Over recent decades, Islamic institutions and Muslim communities in the successor nation-states of former Yugoslavia have taken shape against a variegated political and historical topography. In this article, we examine the discourses and politics surrounding Islamic institutions in four post-Yugoslav nation-states: Kosovo, Macedonia, Croatia, and Slovenia. Our analysis moves in two directions. On the one hand, we illuminate the historical legacies and institutional ties that unite Muslims across these four contexts. As we argue, this institutional history continues to mandate a singular, hegemonic model of Sunni-Hanafi Islam that pre-emptively delegitimizes Muslim communities outside of its orbit. On the other hand, we also attend to the contrasting national politics of Islam in each of our four contexts, ranging from Islamophobic anxiety and suspicion to multiculturalism, from a minority politics of differentiation to hegemonic images of ethno-national religiosity.
JEREMY F. WALTON leads the Max Planck Research Group, “Empires of Memory: The Cultural Politics of Historicity in Former Habsburg and Ottoman Cities,” at the Max Planck Institute for the Study of Religious and Ethnic Diversity (MPI-MMG). His first book, Muslim Civil Society and the Politics of Religious Freedom in Turkey (2017), is an ethnographic exploration of the relationship among Muslim civil society organizations, state institutions, and secularism in contemporary Turkey. E-mail: firstname.lastname@example.org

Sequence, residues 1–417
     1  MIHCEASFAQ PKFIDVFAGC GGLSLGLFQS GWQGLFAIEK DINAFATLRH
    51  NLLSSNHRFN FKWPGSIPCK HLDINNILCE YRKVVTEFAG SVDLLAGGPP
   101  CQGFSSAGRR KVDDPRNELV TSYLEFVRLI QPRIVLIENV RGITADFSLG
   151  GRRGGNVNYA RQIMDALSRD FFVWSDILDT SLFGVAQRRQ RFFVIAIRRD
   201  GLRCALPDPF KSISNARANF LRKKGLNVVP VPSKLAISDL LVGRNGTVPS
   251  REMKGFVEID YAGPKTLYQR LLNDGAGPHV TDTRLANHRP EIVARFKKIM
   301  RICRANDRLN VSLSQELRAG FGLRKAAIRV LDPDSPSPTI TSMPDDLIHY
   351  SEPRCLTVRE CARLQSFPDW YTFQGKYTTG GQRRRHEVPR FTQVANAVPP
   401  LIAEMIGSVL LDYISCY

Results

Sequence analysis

PIRO REXHEPI holds a PhD in Politics from the University of Strathclyde. His research focuses on decoloniality, sexuality, and Islam. His recent work on racism and borders along the Balkan Refugee Route has been published in a range of mediums in and out of academia, including the International Journal of Postcolonial Studies, Ethnic and Racial Studies, Critical Muslims, and the Guardian, among others. E-mail: email@example.com